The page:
The Tomb of Rachel
Tomb of Rachel, Jerusalem, Holy Land Date between 1890 and 1900. Library of Congress.
Introduction to "The Book of Consolation" (chapters 30 and 31)
Our Text: Jeremiah 31:2-20
Our text is the Haftarah for the Second Day of Rosh Hashanah
Dalit Rom-Shiloni, comment to 31:2-22 (The Jewish Study Bible, p. 978)
[This passage] is the haftarah for the second day of Rosh Ha-Shanah. Its optimism, and especially its focus on the restoration of Rachel's lost children as a metaphor for the restoration of Israel, corresponds to the deliverance of Isaac in the Torah portion (Gen. 22:1-24).
Marc Chagall, Meeting of Jacob and Rachel, 1957, Hand-colored etching, Haggerty Museum of Art, Milwaukee.
Found at https://www.bibleodyssey.org/tools/image-gallery/r/rachel-jacob-well. November 2021
By 12 tribus de Israel.svg: Translated by Kordas12 staemme israels heb.svg: by user:יוסי12 staemme israels.png: by user:Janzderivative work Richardprins (talk) - 12 tribus de Israel.svg12 staemme israels heb.svg12 staemme israels.png, CC BY-SA 3.0, https://commons.wikimedia.org/w/index.php?curid=10865624 Visited 11/2021
Marvin A. Sweeney, "For Whom Does Rachel Weep," The Torah.com https://www.thetorah.com/article/for-whom-does-rachel-weep, visited 11/2021
Before the destruction of Judah in 586 BCE, Jeremiah wrote a series of oracles consoling his northern brethren. After the destruction of Judah, a supplementary layer was added to console the southern Judahites as well. ...
In the Torah, Rachel dies in childbirth while giving birth to her second son, Benjamin (Gen 35:16-20) and her husband Jacob buries her between Beth-el and Ephrat. Jeremiah took the imagery of sorrow associated with Rachel’s tragic death and burial and revised it, creating the image of Rachel weeping for her lost children.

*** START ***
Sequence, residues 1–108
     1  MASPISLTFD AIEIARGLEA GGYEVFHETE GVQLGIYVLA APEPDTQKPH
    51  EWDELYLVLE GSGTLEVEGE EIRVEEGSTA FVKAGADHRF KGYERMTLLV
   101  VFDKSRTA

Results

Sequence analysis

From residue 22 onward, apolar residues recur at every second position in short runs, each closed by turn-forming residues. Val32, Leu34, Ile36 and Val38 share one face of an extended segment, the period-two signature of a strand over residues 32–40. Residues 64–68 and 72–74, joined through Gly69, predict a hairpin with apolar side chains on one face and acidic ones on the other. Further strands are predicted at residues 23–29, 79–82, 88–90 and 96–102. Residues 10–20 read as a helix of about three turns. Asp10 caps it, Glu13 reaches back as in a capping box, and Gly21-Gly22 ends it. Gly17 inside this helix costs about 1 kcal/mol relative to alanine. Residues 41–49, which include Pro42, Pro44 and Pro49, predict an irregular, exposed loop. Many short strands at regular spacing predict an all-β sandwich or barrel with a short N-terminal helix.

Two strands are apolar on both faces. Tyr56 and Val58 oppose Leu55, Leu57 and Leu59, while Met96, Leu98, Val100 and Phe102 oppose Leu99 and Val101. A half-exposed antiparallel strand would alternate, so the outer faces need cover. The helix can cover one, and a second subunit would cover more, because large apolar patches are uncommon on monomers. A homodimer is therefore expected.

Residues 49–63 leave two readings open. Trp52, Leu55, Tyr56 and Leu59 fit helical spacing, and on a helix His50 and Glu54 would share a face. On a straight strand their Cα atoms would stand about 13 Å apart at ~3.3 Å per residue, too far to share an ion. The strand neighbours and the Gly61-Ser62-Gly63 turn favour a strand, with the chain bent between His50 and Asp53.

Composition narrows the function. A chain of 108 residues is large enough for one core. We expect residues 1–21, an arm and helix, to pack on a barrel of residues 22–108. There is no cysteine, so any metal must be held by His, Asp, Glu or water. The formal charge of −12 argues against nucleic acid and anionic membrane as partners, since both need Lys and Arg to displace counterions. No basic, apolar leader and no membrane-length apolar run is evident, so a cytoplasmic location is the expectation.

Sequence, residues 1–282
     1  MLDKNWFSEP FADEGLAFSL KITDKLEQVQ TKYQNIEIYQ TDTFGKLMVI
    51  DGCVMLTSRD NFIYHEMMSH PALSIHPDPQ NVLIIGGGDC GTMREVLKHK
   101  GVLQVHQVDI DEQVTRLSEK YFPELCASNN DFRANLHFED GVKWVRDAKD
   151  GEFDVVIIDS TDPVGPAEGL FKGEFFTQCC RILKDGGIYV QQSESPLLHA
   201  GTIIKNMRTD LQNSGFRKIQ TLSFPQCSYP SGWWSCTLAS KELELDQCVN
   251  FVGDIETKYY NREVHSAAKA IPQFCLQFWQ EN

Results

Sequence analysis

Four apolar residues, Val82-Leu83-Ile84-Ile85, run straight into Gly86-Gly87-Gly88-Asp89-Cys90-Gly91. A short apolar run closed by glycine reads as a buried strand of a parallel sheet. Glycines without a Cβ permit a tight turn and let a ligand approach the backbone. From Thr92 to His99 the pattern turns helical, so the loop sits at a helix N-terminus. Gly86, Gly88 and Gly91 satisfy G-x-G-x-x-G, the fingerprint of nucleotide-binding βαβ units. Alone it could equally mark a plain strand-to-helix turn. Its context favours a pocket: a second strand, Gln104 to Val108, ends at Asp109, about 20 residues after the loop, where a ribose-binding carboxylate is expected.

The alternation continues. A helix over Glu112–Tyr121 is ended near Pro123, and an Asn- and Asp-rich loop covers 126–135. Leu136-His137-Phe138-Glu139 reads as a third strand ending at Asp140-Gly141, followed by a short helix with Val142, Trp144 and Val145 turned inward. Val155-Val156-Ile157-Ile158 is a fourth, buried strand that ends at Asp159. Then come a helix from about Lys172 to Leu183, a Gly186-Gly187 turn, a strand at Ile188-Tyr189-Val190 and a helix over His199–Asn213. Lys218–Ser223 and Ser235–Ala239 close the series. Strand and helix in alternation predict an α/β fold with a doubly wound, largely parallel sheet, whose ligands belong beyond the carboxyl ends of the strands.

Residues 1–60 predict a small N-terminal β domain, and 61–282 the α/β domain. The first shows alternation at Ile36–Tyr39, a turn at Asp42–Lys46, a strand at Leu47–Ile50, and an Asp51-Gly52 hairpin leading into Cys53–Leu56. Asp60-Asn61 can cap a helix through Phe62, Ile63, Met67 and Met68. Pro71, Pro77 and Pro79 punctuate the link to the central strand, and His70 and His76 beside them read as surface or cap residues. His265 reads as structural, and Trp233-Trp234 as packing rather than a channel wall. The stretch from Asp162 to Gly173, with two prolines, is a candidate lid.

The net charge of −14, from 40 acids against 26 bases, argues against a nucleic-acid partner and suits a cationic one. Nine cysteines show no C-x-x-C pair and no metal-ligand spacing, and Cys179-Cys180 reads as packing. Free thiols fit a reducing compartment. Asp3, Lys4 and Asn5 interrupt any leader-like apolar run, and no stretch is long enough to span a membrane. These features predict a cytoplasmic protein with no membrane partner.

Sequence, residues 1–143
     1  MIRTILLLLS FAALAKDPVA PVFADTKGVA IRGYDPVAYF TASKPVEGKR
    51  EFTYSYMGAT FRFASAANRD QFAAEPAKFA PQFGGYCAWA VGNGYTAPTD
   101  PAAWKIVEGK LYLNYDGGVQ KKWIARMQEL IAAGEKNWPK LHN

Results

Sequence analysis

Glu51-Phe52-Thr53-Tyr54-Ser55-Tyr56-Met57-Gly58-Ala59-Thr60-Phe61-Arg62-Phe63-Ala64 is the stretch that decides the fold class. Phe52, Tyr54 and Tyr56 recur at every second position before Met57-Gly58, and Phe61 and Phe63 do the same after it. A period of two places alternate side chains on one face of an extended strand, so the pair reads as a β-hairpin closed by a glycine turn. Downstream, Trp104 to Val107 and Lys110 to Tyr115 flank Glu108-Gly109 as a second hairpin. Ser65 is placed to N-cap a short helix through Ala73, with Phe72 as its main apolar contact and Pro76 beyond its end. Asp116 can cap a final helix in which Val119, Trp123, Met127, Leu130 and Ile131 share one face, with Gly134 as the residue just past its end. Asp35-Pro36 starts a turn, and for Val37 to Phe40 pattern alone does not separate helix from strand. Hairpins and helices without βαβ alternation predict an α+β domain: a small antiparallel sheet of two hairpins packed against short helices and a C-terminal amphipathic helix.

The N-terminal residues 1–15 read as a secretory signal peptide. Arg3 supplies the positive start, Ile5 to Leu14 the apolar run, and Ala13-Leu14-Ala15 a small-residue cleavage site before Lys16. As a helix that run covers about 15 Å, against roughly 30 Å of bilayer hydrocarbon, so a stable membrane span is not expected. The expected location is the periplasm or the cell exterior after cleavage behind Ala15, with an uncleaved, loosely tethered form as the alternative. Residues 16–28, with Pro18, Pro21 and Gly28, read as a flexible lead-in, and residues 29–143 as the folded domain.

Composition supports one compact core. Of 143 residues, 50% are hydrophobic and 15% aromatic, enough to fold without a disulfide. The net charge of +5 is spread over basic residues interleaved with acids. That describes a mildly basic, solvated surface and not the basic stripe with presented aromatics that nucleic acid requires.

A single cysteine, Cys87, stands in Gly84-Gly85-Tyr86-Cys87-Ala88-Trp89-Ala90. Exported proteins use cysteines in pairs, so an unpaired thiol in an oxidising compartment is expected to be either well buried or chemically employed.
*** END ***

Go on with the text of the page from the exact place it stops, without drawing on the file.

Initially, Rachel’s children in Jeremiah referred only to the northern tribes of Israel, i.e., the Joseph tribes (Ephraim and Manasseh), and Benjamin, who are, in fact, her children according to the Bible. They also naturally pass by Beth-el, which was a large city in the Northern Kingdom (Amos 7:13), on their way into exile and on their way back home. After the revision of the oracles in light of the destruction of Judah and the exile of the Judahites to Babylon, Rachel’s crying no longer refers to only her “sons” the Rachel tribes, but to all Israel and Judah, who would return to YHWH and Jerusalem following the Babylonian Exile.
The Book of Jeremiah thus demonstrates both the continuity and the versatility of Jewish tradition, as it is adapted to meet the needs of new and unanticipated situations, such as Josiah’s reform or the later Babylonian Exile. Although we no longer revise biblical texts, we do revise our interpretation and use of them. And thus, in contemporary times, Rachel weeps for all Israel, who have suffered for millennia in catastrophes such as the Shoah, and who look to Jerusalem for ultimate restoration.
[Jeremiah and Hosea]
Hosea prophesied in the northern kingdom (Israel) in the 8th c. BCE (until the late 730s or early 720s)
Jeremiah prophesied in the southern kingdom (Judah) in the late 8th c. and early 7th c. BCE.
Michael Fishbane, JPS Haftarot Commentary, Haftarah for Second Day of Rosh Hashanah, Content and Meaning (p. 379)
Interpreters of Jeremiah have often noted themes and terms that recall the prophecies of Hosea. Especially well-known is the occurrence in both books of the motif of marriage and divorce, which serve to express God's relationship to Israel, on the one hand, and His reaction to her infidelity on the other. But there are also instances where Hosea's prophecies of doom to the northern tribes apparently influenced Jeremiah's oracles of consolation to the northern exiles. ...
This recurrence of language suggests a chain of rhetorical tradition linking Jeremiah to Hosea, while the transformation of emphasis (from a word of doom to one of comfort) attests to the artistry of ancient Israelite prophecy and its reuse of earlier oracles.
The Ten Remembrance Verses in the Additional Service (Musaf)